Bid #1 of $110 for the first night landed him the Pan Pacific.

Bid #2 of $100 for the second night landed him the Hilton.

FOFT could say his theory is correct in the above example, assuming we agree the Pan Pacific is better than Hilton. But I claim it follows my theory of Priceline assigning whichever hotel has the closest qualifying rate to the amount bid! And the question remains, did the Hilton have a lower rate than $100 available that particular night? My guess is they did, but $100 was just one of their many qualifying rates.

We may never know the answer, but keep those theories coming!

Link to comment

Remember the days when Priceline separated the hotel tax from their service fee on your award confirmation? When people posted this valuable information, we could determine, to the penny, Priceline's purchase rate from the hotel and bid that amount on our own bids.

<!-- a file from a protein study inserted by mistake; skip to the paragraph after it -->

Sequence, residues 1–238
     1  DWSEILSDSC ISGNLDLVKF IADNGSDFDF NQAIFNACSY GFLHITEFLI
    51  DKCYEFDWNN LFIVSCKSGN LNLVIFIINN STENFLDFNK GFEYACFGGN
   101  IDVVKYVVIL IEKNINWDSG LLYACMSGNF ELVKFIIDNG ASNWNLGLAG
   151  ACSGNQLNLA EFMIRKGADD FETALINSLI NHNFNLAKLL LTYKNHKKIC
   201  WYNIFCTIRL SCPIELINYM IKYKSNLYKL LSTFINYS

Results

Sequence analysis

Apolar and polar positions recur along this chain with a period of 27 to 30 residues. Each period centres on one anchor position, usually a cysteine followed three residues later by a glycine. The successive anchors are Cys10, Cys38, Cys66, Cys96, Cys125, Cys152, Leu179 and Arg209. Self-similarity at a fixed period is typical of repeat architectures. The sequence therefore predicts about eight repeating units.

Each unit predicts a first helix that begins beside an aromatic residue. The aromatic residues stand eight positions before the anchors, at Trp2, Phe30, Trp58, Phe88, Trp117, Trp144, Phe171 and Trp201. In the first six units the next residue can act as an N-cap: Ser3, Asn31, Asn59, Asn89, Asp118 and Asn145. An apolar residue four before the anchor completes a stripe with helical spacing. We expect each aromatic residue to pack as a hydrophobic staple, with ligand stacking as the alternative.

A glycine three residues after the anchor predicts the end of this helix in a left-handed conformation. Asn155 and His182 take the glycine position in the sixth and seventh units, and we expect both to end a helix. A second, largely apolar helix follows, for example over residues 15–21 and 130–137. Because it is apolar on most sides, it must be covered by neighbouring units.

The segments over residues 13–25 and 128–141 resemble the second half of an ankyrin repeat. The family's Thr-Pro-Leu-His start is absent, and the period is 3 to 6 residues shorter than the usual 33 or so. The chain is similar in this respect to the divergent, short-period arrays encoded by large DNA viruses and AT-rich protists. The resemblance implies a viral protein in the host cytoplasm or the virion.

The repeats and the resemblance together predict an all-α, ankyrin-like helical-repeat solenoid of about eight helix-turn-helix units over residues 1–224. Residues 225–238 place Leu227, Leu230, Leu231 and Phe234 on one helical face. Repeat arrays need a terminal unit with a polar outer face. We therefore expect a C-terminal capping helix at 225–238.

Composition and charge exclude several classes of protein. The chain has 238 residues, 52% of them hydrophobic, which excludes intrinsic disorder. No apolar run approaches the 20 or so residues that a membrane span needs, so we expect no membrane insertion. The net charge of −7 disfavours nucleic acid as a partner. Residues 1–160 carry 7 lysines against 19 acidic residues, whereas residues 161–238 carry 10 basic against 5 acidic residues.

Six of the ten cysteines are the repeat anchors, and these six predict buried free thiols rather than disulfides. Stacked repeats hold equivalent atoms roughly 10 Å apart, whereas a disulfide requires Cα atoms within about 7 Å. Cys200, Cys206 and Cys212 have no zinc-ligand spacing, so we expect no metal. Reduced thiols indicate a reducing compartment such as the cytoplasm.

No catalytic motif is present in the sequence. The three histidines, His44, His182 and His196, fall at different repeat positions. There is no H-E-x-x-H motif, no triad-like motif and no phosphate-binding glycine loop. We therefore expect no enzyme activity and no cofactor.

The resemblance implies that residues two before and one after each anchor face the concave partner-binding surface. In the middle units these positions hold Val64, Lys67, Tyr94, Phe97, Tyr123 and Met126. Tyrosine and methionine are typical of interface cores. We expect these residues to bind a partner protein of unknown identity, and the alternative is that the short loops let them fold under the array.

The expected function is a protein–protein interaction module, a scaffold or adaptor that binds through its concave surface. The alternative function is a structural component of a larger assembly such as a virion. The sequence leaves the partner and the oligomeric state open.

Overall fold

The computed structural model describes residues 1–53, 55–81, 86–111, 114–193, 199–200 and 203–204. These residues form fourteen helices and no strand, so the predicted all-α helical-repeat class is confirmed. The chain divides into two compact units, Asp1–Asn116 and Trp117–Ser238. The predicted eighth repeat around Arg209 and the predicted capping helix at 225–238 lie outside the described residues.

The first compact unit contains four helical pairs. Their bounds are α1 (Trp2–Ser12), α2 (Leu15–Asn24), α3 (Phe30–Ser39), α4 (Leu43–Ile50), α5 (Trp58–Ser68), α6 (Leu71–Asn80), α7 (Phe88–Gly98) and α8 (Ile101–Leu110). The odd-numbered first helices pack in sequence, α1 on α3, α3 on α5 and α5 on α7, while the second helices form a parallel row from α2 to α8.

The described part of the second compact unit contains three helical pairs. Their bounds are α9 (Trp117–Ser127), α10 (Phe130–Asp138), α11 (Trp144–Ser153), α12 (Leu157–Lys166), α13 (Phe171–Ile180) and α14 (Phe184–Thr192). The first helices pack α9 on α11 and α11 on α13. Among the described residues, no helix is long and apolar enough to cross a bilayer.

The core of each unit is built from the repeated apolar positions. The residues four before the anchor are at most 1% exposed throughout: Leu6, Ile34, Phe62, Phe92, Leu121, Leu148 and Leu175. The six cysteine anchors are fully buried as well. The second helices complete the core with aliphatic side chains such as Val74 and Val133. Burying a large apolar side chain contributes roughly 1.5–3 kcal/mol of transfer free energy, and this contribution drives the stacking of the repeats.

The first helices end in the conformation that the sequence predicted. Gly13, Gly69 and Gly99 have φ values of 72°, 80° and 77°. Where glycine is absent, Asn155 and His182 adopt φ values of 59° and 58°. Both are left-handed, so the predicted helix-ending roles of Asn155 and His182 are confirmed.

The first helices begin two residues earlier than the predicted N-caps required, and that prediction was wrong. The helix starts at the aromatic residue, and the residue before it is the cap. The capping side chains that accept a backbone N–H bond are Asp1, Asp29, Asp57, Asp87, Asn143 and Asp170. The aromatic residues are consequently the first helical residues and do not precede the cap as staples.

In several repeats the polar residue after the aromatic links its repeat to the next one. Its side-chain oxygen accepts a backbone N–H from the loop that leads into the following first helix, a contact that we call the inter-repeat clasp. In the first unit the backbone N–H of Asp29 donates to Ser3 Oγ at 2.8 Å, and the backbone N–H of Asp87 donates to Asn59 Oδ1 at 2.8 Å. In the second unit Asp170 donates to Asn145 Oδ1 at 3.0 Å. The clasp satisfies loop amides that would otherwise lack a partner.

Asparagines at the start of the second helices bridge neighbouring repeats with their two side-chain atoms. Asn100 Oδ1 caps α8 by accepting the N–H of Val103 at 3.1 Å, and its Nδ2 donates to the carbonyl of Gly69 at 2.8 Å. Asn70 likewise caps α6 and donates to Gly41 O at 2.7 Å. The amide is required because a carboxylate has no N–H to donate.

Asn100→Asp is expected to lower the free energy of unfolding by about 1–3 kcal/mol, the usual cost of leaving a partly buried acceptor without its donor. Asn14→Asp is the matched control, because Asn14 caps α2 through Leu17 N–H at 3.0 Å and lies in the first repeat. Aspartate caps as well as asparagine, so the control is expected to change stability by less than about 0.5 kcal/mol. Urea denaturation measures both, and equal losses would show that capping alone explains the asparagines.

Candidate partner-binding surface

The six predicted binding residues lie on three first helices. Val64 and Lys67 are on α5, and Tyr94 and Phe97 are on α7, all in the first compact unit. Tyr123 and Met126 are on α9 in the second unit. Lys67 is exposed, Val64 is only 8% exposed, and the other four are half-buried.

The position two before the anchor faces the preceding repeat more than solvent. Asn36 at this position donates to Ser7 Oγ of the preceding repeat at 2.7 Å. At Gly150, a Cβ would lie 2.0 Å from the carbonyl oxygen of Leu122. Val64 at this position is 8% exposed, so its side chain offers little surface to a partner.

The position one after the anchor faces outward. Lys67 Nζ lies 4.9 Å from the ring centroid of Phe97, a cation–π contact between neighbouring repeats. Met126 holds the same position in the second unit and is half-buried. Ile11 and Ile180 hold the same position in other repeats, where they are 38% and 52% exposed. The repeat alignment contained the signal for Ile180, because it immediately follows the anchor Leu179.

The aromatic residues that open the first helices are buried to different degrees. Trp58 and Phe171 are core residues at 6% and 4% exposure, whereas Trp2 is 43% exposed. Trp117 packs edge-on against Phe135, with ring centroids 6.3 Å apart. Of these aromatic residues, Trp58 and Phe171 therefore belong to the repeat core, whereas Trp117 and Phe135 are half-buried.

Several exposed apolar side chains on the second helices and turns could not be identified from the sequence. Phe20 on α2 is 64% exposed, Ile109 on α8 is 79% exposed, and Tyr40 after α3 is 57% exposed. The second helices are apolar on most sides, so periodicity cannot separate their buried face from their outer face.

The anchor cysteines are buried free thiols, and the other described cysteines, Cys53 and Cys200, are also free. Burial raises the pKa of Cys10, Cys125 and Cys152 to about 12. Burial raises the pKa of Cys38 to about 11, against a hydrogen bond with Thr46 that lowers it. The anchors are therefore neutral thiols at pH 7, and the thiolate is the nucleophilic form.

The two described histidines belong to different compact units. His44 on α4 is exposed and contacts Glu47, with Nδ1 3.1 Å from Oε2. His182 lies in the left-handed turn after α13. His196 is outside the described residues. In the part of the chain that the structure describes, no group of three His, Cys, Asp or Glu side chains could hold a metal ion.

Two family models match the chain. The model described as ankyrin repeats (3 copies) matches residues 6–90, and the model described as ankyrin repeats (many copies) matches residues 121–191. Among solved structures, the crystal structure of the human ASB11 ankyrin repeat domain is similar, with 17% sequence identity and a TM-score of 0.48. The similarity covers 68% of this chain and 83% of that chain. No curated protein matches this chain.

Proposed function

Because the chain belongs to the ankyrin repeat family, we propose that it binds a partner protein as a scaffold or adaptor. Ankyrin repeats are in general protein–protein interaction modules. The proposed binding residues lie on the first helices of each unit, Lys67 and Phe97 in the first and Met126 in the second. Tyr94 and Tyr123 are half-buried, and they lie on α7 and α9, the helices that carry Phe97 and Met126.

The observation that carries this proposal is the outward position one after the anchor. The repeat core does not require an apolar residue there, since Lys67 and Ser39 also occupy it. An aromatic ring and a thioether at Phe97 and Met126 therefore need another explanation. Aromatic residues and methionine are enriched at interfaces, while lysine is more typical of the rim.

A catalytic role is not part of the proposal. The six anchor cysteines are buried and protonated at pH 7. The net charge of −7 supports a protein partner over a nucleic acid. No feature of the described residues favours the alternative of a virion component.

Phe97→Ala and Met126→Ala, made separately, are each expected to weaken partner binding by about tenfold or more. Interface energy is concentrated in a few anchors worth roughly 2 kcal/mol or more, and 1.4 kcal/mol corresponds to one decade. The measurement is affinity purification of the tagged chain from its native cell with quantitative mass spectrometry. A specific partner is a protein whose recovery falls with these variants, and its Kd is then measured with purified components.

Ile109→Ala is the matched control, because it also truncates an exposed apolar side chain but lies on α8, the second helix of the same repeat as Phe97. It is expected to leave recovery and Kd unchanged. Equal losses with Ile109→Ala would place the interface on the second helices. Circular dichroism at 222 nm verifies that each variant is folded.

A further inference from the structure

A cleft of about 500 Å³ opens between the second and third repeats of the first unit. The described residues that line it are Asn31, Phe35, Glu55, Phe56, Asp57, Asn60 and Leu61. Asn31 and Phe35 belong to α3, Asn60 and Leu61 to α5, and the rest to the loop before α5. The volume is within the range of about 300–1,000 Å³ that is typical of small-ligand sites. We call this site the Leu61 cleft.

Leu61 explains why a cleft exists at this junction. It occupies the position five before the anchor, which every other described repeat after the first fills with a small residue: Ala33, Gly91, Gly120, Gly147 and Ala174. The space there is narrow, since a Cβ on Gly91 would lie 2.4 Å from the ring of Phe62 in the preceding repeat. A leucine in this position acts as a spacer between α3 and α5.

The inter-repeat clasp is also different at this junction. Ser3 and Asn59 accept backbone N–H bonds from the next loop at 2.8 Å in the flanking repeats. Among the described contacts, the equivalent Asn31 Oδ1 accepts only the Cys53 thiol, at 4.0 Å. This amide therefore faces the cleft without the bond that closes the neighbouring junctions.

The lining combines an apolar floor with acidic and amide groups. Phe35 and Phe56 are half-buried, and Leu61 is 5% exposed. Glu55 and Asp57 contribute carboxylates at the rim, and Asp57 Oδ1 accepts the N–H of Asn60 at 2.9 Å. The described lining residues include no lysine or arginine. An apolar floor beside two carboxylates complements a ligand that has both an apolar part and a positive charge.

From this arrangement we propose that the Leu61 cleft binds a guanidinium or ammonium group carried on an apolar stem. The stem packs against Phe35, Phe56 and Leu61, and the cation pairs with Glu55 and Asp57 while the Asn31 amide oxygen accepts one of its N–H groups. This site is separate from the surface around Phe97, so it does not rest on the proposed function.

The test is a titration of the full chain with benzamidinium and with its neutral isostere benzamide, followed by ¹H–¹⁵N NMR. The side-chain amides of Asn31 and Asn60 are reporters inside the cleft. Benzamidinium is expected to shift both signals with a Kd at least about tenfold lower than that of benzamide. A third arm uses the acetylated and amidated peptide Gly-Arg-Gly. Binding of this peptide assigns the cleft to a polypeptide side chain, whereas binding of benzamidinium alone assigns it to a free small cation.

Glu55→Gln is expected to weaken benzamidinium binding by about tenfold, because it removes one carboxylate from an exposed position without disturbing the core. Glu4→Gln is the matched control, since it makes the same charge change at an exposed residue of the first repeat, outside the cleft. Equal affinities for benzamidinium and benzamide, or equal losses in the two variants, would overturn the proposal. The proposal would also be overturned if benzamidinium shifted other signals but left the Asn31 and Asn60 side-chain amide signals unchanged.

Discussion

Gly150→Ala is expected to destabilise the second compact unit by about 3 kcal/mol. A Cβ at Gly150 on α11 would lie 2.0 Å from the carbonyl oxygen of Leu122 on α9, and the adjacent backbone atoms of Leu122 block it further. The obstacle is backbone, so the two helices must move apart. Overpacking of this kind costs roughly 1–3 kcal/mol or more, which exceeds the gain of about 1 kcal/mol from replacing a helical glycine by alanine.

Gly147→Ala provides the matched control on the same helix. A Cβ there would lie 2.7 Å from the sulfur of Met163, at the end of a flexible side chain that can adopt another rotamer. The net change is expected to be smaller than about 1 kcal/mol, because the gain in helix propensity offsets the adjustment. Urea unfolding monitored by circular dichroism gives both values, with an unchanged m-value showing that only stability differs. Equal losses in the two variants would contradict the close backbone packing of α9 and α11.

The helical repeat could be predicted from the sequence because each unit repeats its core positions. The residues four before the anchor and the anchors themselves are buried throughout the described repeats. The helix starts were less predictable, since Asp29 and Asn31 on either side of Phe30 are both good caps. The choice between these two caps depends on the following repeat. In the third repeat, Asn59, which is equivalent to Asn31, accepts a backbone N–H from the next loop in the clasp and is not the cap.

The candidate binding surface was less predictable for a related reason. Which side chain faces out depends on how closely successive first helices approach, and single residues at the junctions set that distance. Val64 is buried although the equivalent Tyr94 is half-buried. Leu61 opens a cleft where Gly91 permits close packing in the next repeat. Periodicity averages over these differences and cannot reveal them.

Using that tried-and-true method, where does the 7% theory from the article come into play?

Link to comment

Interesting discussion (which started from an old post.. always nice to see old posts that still get read and revived).

I agree that hotels get assigned based upon the closest price equal to or lower than the bid, but I don't understand you comment:

hotels have multiple rates for a given date so as to evenly distribute hotel brand assignment given the vast dollar range people bid

Does this mean that hotels can input multiple rates just so that Priceline doesn't get 'too much' of the over-bid?

Please use this HOTWIRE and these PRICELINE LINKS: HOTELS, CAR RENTALS, and AIRFARE to begin your travel purchases

Want to know if Rates Drop?? Get alerts at RateDrop.com

Link to comment